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#46
More likely, unable to bring additional reinforcements and/or to resupply ammo and lost equipment. Corn meal packs more energy than wheat flower. The pork raised in those days would have had high fat content, and the beef much lower fat than what we are used to today. IMO, your energy differential doesn't stand up.
Good point even so maybe the quantity rather than the quality of Carbs could have had an effect on the Southern boys in prolonged marching and combat in the later stages of the war.
 

Sbc

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#47
More likely, unable to bring additional reinforcements and/or to resupply ammo and lost equipment. Corn meal packs more energy than wheat flower. The pork raised in those days would have had high fat content, and the beef much lower fat than what we are used to today. IMO, your energy differential doesn't stand up.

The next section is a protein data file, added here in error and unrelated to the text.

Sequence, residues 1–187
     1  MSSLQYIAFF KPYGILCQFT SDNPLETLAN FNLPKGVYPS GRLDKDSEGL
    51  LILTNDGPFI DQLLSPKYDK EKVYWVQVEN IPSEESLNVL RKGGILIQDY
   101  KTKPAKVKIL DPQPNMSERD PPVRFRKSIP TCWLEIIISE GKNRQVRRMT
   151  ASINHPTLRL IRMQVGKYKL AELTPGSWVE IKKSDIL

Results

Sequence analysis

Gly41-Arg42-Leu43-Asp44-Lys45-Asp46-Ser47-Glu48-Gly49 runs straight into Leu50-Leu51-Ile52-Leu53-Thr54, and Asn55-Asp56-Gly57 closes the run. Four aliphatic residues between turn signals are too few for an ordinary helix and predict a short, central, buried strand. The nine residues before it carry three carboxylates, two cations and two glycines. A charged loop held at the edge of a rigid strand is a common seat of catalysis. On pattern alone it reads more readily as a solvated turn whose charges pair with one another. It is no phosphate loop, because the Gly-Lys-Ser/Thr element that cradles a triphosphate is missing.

I m no nutritionist and don't remember the source so can't prove it
 
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#48
I m no nutritionist and don't remember the source so can't prove it
I'm not a nutritionist either. However, I raise corn and beef cattle, am familiar with the pros and cons of feeding various grains and their byproducts, as well as the nature of our major meat animals and have an agricultural education. I recommend you consult with the Cooperative Extension Service of your State Land Grant University. They likely employ an animal science specialist and probably a nutrionist somewhere in your Extension region.